JANUARY 6, 1997

 The Edwards Agency

Home & Garden

Winter Storm '96: What to do now, what to do next time

Assess the damage

damage assessment Now that the snow has melted and the floodwaters have receded, local and county emergency management personnel are working to collect damage information. This information is vital in their ability to make the case for a federal disaster claim.

Report the damage

damage reporting The King County Emergency Management Division has established the hotline number 206-205-8171 for residents, business owners, and farmers to report damage from the recent winter storm.

Prepare for the next power outage

power outages Follow these guidelines to prepare for and cope with the next power outage, including safe operating practices for home generators.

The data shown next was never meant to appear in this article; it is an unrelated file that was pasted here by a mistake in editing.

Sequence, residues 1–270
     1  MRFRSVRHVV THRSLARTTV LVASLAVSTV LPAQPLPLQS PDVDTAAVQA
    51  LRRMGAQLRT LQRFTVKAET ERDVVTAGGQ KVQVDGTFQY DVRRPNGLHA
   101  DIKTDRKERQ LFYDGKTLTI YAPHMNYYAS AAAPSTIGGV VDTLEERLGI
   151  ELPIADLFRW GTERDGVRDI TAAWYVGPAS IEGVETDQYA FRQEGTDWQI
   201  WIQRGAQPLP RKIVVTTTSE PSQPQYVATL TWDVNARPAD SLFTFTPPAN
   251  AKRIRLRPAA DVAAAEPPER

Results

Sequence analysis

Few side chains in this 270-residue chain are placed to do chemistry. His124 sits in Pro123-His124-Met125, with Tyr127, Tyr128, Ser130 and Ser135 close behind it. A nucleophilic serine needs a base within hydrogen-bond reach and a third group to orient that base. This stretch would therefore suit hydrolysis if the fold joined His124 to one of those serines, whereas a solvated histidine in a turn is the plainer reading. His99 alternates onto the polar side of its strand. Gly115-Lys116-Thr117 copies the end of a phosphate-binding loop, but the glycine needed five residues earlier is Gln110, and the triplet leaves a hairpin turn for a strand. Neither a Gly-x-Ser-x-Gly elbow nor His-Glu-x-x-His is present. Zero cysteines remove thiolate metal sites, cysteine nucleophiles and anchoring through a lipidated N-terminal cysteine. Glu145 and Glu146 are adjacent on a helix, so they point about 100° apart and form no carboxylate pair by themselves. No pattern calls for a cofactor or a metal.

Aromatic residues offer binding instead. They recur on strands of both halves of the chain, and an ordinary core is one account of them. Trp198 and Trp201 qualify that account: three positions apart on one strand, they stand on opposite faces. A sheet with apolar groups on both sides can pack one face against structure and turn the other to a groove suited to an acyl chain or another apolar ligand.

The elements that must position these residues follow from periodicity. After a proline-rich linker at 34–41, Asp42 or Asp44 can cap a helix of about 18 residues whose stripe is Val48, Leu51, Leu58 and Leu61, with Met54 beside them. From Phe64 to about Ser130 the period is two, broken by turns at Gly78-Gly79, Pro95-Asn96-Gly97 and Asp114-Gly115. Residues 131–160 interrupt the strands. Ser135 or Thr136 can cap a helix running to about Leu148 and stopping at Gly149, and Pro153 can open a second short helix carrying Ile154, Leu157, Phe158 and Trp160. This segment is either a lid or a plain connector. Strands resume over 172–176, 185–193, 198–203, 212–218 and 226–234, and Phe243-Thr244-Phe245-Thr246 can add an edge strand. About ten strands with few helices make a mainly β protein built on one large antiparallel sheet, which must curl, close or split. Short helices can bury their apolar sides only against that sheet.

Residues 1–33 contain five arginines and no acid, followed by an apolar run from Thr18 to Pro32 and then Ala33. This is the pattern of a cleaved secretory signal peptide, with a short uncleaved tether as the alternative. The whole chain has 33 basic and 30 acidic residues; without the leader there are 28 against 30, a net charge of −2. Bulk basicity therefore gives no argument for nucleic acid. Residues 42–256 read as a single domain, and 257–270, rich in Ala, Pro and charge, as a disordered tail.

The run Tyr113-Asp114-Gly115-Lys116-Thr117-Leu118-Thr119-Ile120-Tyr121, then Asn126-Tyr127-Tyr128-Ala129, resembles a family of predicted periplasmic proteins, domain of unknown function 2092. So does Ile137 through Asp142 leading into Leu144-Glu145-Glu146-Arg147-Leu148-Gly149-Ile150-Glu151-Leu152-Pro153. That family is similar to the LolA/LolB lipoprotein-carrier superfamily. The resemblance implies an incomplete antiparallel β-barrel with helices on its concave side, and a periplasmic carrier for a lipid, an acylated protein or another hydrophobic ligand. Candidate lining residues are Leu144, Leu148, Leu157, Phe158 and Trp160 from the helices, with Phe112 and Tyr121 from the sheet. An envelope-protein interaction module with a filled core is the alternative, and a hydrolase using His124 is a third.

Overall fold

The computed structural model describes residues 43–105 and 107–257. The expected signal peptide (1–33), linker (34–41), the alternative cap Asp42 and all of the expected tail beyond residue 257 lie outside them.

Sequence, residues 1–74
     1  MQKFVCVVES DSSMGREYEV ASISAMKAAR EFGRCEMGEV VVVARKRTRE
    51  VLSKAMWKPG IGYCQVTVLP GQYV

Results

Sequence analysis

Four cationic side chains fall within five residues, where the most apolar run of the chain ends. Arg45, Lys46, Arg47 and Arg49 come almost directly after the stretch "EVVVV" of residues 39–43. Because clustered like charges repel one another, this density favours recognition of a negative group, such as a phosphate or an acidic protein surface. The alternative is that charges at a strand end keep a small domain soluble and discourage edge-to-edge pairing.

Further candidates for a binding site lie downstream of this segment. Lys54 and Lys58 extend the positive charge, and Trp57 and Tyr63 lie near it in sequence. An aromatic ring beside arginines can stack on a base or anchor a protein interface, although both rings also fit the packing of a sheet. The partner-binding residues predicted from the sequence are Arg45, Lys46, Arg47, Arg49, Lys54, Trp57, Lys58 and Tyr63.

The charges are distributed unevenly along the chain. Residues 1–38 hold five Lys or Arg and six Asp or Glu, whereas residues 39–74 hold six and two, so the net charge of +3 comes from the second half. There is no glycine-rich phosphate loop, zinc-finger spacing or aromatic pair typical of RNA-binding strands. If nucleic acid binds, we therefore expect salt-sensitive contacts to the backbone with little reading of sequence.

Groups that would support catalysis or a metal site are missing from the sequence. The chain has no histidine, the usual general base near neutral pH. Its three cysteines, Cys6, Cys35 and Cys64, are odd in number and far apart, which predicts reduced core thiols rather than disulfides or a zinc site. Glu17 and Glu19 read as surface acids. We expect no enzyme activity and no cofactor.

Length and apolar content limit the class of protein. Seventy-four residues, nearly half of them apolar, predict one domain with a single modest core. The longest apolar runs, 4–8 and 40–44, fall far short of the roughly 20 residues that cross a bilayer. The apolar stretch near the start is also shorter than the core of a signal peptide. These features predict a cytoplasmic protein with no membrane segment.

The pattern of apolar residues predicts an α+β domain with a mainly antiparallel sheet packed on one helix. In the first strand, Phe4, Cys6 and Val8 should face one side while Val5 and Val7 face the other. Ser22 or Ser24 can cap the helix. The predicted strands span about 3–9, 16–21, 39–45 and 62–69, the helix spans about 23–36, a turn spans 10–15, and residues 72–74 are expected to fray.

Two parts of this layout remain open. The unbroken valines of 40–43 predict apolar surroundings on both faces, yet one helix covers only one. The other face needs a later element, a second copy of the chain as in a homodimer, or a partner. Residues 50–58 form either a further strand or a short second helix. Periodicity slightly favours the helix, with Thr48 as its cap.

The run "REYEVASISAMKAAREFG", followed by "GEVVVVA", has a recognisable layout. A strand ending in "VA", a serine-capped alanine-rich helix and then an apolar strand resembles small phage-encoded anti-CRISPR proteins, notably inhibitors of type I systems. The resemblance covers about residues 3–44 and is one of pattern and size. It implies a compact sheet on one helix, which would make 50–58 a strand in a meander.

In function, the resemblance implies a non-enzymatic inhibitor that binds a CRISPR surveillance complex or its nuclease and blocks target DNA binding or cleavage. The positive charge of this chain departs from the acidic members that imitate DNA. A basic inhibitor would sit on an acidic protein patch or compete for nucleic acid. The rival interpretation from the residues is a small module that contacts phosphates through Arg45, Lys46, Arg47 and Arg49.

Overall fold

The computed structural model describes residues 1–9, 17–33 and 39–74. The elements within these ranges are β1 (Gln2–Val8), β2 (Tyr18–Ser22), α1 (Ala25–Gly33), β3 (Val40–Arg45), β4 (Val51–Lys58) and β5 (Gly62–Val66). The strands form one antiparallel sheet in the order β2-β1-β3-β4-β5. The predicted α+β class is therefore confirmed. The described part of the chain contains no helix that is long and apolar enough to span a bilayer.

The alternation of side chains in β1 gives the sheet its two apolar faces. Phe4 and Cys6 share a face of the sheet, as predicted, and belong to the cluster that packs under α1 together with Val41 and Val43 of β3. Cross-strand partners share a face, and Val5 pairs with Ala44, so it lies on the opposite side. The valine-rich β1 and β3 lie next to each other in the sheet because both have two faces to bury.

After a disaster

post-disaster It's not easy to maintain a sense of calm following a natural disaster. But following a list of chores such as these can return a semblance of normalcy, while accomplishing some important tasks.

Health department recommends safety measures

safety measures The State Department of Health has issued several recommendations for the storage and consumption of food supplies in a power outage. Those affected by an outage can help prevent foodborne illness by following a few simple guidelines.

Storm debris cleanup options

storm debris With the holiday storms, your yard may be looking a little under the weather. Cleaning up the mess isn't as simple as lighting a bonfire, either.

Minimize flood damage to mobile/manufactured homes

mobile homes Quick response could save most flood-damaged mobile or manufactured homes from major structural damage, says the Federal Emergency Management Agency (FEMA).

Flood safety

flood safety Stay away from flood waters and moving water. Just six inches of swiftly-moving water can knock people off their feet, and cars can be swept away by only two feet of water.

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